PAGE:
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Vinay Sharma v/s Union of India: An Analysis

Facts of the case
A shocking incident happened in Delhi which shocked the entire country to its core. A girl and her friend were returning after watching a movie at night on 16th December 2012. They took a bus from Munirka Bus Stand which consisted of 6 men. The bus had yellow and green lines on it and 'YADAV' was written on the bus. The bus was supposed to move towards Dwarka-Palam Road but moved off-route instead.

When the men inside the bus closed the doors of the bus, the girl and her friend suspected that something is wrong and questioned them about the same. The men shouted at him and started molesting the girl when a fight broke out between the men and the girl's friend. She was constantly gang-raped at the back of the bus and an iron-rod was inserted in her private part by a juvenile attacker. When the girl tried to fight back, the men pulled and ripped off her intestines.

After all of this happened, the girl and her friend were thrown out of the bus at the side of the road to die. They both were found lying on the side of the road by a passerby who informed the Delhi police. The girl was admitted to the Safdarjung Hospital where it was found by the doctors of the hospital that only 5% of her intestine was left. The girl was shifted to Mt. Elizabeth Hospital, Singapore, where she died on 29th December, 2012 due to multiple organ failure and multiple injuries.

Vinay Sharma v/s Union of India: An Analysis
Citation: AIR 2020 SC 1451
Judgement date: 14th February, 2020
Bench: R. Banumathi, Ashok Bhushan, A.S. Bopanna

Issues raised:
  • Whether rape as defined under section 375 of the IPC covers the offence entirely?
  • Whether death penalty can be given to the convicts as punishment for such heinous crime?
  • Whether a juvenile committing the offence should get punishment equivalent to the adult?
  • Whether public outrage can influence the judgment in a case?
  • Whether the sexual offences against women are tried appropriately in India?

Contentions raised by both the parties:
The petitioner had filed the writ petition challenging the rejection of his mercy petition by the President of India and seeking reduction of his death sentence inter alia on the grounds:
  1. Non-furnishing of relevant materials under RTI Act;
  2. Non-consideration of relevant material;
  3. Torture;
  4. Mental illness;
  5. Consideration of irrelevant material by the respondent authorities;
  6. Illegal solitary confinement.
The respondent submitted that all the relevant documents were submitted before the concerned authorities and the mercy petition was forwarded to the President. As far as the mental illness of the petitioner is concerned, he was regularly checked and 'the Medical Officer In-Charge, Central Jail Hospital had issued the medical report stating that the petitioner was psychologically well adjusted and his general condition is stable'.

As per the affidavit filed by Director General (Prisons), Tihar Jail, he was never placed in solitary confinement and he interacted well with the other prisoners as well. The scope of judicial review of the order passed by the President of India is very limited.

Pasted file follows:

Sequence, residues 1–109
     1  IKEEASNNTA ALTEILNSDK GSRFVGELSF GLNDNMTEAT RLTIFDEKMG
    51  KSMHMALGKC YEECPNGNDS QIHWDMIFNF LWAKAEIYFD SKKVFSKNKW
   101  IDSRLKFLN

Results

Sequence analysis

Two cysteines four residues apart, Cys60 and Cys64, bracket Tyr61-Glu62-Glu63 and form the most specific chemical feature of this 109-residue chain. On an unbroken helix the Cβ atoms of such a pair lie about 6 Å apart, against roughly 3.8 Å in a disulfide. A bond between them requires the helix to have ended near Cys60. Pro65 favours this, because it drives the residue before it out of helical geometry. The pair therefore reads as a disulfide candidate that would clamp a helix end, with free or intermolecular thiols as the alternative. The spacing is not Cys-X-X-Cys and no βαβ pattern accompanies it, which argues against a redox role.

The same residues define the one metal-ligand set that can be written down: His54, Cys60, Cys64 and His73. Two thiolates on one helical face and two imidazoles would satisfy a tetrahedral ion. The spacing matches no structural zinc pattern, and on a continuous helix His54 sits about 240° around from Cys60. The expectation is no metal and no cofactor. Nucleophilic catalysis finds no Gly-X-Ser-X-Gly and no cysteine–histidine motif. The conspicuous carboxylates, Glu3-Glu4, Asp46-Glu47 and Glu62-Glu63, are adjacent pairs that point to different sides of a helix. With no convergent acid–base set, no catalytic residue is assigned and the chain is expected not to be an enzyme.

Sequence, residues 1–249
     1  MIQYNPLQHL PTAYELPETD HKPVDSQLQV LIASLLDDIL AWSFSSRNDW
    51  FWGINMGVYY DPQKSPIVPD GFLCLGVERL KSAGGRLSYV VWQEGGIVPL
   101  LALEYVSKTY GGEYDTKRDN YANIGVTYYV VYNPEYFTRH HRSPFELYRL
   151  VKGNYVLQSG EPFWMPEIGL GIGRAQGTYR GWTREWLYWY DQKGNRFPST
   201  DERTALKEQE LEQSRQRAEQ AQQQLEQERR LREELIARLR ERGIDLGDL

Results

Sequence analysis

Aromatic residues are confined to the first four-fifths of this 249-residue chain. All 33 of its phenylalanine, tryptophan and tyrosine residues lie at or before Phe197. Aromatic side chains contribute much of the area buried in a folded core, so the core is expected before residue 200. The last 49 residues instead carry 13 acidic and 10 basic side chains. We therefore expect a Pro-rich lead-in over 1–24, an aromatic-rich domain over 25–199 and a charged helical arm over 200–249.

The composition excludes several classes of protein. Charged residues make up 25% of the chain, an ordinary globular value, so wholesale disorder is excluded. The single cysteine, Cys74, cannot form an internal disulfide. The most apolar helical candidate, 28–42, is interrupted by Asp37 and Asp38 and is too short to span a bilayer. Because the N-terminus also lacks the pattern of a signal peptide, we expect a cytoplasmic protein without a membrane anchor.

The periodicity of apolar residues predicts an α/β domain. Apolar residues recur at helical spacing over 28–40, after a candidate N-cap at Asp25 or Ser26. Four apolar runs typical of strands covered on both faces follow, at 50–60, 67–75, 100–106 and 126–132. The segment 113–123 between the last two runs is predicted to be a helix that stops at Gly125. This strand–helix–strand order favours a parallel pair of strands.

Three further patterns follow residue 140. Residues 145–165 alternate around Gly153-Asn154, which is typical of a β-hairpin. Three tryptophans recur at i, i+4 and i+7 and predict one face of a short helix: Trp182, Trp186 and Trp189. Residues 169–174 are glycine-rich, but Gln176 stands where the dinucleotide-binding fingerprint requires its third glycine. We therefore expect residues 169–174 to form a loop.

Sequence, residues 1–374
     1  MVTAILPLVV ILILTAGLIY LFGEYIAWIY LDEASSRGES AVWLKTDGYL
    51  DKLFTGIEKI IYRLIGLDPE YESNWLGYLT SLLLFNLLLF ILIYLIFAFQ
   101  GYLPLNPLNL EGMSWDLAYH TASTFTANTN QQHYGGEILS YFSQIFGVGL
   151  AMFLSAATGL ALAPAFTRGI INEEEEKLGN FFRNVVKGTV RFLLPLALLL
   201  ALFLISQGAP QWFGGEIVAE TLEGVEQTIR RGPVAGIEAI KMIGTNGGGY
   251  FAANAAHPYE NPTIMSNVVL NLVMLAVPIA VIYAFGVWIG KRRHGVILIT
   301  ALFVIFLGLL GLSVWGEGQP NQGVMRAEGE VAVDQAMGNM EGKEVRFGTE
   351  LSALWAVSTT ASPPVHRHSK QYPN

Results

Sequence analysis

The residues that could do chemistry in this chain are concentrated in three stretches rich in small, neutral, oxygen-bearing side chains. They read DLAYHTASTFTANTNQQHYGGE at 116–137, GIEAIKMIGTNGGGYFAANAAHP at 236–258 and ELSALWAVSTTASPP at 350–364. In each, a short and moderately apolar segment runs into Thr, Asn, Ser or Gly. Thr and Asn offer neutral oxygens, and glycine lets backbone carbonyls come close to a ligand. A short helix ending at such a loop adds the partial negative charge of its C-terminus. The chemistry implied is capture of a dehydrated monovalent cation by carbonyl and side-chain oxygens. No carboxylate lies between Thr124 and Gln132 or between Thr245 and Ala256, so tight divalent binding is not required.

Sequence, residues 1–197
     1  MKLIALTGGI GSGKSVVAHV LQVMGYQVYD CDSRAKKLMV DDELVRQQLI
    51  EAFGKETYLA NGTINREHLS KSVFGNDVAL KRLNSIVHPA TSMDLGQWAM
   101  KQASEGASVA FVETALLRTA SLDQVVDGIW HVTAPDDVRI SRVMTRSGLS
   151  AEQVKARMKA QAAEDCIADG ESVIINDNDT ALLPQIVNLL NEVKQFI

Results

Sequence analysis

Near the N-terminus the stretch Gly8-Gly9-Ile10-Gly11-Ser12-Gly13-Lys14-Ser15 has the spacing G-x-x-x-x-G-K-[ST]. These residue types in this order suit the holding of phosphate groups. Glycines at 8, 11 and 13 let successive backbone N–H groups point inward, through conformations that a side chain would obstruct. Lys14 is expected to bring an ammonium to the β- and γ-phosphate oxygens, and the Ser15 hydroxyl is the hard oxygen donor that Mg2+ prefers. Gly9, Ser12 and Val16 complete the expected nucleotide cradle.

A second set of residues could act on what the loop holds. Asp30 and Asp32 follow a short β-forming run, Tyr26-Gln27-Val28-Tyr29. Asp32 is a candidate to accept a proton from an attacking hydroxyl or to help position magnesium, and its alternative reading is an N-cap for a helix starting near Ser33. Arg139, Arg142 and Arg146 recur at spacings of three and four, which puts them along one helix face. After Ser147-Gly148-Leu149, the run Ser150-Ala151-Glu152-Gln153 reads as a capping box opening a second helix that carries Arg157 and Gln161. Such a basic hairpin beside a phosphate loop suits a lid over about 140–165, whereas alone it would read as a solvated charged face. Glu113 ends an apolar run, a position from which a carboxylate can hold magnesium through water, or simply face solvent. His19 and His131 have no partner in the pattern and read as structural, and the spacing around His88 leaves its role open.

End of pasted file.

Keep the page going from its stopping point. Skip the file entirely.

The court considered both the 'mitigating and aggravating factors'. In this particular case, the mitigating factors included dependent and ailing parents, the age of the convicts, behavior in jail, no criminal antecedents and post-crime remorse. However, the aggravating factors outweighed the mitigating factors. The grievous nature of the crime led the court to ignore all the mitigating factors.

They relied on the 'rarest of the rare' test set by Bachan Singh and concluded that the punishment of the convicts cannot be reduced to life imprisonment and the court served them with death penalty. Justice R. Banumathi gave a concurring opinion where she not only agreed with the exceptional nature of the crime, worthy of capital punishment but she also reflected on the larger social context in which the Court was delivering its judgment. She stressed on the fact that the crime required larger social reform in order to achieve gender justice.

The Nirbhaya case judgement did absolute justice to the victim. However, the fact that the juvenile got to escape from the said crime inspite of being the person who caused major harm to the victim seems a little unjust. The laws in our country back then were such that even if a juvenile of 17 years commits such a grievous crime, he will be dealt as per juvenile laws.

The good thing that came out of this was an amendment to the Juvenile Justice Care and Protection Act which would treat the juveniles of 16-18 yrs old in the same manner as adults if they commit a 'heinous crime'. After the horrific case of Nirbhaya, the government has taken several steps to improve the condition of safety for women in India. Certain laws such as Section 375, 376, 354 (A), (C), (D) and several other sections were amended. An amendment was brought to the Juvenile Justice Act and the age of consent was set at 18 years.

  1. Brunner, J. and R, K. (2022) Laws have changed after Nirbhaya rape case, have these amendments deterred crimes against women?, Available at: (Accessed: 09 July 2023).
  2. Anand, S. (2020) Mukesh and anrs. vs NCT Delhi (Nirbhaya Case)(2017) 6 SCC 1- case comment, Legal Desire Media and Insights. Available at: (Accessed: 09 July 2023).

Award Winning Article Is Written By: Ms.Mansi Singh
Awarded certificate of Excellence
Authentication No: AG322130830128-9-0823

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